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Continuous Improvement

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    Abstract

                The long history of Human Research Management (HRM) has given a chance to re-evaluate the importance of numerous HR values, and to re-consider the relevance of traditional approaches to HRM. Pre-industrial, paternalistic, bureaucratic and high performance historical periods have changed the vision of HRM, turning it into an instrument of balancing different employee management strategies and tactics. With the need to adapt to the changing environmental conditions, history may serve the source and the basis for developing and implementing effective HR strategies; however, unless historical analysis is tied to the current economic and social conditions, such research will prove useless in today’s labor markets.

    Continuous Improvement

                Introduction

                The long history of Human Research Management (HRM) has given a chance to re-evaluate the importance of numerous HR values, and to re-consider the relevance of traditional approaches to HRM. Pre-industrial, paternalistic, bureaucratic and high performance historical periods have changed the vision of HRM, turning it into an instrument of balancing different employee management strategies and tactics. HRM has turned into a complex system of human relations, involving employee motivation, flexibility, and employee rights protection. All these elements are equally useful when the need for developing effective HRM approaches in UAE labor markets arises.

                Langbert (2002) offers an insight into the way HRM has been developing through centuries; from pre-industrial to high performance period a whole set of HRM concepts and theoretical approaches was driving the development and evolution of labor relations all over the world. Langbert (2002) suggests that in recent years, HR literature was ahistorically defensive about HRM’s strategic role. In other words, the importance of HRM history was mainly neglected. However, history may offer relevant solutions to issues that arise as the result of the increasing tension between numerous concepts and theories in HRM. Langbert (2002) writes that continuous improvement which took place throughout the history of HRM was reflected in “management’s and employees’ better meeting customers’ expectations and systematically reducing variability in doing so”. The need for balancing HR deliverables with the central HR values has provided employees and managers with relevant instruments for responding to the emerging HRM demands. While HR environments were gradually changing, managers and employees were offered additional opportunities to adapt to the growing complexity of human relations in numerous HR domains.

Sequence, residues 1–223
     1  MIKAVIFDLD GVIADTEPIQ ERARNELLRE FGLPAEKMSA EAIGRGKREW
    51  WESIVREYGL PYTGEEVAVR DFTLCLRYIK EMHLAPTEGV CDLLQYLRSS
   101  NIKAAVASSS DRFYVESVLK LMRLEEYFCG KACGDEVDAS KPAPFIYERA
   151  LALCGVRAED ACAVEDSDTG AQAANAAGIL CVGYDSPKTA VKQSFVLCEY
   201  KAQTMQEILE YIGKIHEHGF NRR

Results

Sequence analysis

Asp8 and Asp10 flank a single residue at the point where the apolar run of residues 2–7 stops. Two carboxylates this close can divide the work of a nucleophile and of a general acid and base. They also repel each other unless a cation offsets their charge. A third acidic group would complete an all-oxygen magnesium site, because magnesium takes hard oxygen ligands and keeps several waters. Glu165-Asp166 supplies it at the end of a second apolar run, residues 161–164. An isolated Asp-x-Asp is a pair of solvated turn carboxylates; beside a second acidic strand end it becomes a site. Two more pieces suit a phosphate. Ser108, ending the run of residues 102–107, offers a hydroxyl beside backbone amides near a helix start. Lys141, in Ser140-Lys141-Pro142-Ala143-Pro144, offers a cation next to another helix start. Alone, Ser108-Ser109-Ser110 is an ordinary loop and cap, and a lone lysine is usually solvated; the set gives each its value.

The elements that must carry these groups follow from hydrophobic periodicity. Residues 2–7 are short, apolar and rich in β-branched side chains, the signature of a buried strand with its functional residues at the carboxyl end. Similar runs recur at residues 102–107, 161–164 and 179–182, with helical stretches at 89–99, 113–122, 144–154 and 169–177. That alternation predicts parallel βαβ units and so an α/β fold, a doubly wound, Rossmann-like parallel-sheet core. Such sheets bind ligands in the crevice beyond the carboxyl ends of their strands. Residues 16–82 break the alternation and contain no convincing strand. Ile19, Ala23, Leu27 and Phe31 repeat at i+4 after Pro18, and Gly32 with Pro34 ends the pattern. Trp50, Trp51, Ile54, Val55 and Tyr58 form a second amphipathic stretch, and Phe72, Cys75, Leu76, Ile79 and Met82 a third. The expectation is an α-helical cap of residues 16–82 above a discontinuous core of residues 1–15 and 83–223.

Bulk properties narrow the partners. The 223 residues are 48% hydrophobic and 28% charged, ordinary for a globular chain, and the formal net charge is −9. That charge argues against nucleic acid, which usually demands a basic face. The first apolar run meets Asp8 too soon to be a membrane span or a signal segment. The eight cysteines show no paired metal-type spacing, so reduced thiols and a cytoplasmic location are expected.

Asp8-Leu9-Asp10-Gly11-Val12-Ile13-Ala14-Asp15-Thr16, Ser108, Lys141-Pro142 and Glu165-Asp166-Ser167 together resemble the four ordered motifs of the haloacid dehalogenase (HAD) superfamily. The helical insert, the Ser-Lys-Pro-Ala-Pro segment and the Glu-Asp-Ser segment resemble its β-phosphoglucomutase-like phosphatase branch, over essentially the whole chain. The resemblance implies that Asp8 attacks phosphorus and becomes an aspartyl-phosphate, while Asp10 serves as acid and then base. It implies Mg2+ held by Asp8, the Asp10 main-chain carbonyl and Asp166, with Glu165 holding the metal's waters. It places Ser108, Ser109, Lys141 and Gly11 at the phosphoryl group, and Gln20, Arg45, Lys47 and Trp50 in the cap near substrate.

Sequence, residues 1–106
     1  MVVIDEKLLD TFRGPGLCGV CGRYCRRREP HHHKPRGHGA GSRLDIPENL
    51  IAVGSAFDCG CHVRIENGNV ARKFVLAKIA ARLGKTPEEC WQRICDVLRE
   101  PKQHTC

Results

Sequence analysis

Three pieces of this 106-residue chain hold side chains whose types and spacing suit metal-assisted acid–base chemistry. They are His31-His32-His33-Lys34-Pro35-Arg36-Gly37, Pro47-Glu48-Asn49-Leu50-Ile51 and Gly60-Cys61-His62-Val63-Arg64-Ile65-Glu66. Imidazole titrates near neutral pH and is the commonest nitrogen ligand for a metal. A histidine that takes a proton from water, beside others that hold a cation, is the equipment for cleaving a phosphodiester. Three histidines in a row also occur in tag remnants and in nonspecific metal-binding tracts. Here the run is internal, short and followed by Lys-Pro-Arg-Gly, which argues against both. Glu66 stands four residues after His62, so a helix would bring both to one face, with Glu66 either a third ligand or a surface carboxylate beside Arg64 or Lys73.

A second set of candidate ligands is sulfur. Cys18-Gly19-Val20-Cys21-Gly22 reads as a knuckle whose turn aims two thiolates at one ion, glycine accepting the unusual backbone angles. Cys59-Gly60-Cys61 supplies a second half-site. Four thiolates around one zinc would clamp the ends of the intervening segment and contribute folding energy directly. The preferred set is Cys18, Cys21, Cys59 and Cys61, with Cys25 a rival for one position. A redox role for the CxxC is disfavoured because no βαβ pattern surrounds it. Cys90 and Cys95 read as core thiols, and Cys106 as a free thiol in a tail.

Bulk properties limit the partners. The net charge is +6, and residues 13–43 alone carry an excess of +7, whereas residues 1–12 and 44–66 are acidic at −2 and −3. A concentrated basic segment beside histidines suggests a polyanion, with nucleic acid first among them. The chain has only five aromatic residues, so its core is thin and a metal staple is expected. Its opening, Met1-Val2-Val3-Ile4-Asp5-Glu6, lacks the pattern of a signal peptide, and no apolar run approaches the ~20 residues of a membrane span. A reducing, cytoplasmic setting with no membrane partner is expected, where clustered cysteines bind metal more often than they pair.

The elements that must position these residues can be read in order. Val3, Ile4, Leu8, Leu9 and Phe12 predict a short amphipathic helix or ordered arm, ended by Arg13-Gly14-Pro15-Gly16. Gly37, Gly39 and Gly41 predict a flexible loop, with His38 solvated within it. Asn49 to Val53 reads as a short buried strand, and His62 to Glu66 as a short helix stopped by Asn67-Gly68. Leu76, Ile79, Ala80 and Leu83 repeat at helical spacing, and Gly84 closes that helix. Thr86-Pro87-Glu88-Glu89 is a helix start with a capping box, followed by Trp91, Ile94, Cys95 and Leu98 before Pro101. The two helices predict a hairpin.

Langbert (2002) emphasizes the importance of balancing and views balancing as the central HRM task. Either in pre-industrial or during paternalist period, HRM traditionally sought relevant means for balancing flexibility with employee rights protection, unionization, and employee motivation. The four different stages of HRM development have proved balancing to be a difficult task. During pre-industrial times, employees were relatively well protected from being fired without a due cause, but lacked motivation and were pressured by state-enforced powers.  The paternalist period was marked with the expansion of industrialization and markets; the revolutionary employment-at-will doctrine substantially increased productivity and flexibility of labor markets, but employee equity and alignment were put under risk. Unionization and protective legislation were characteristic of bureaucratic period, promoting equity and alignment but depriving HRM professionals of flexibility in management. Although the current high performance period is characterized by the growing loyalty to free market ideology, it is inevitably associated with equity losses.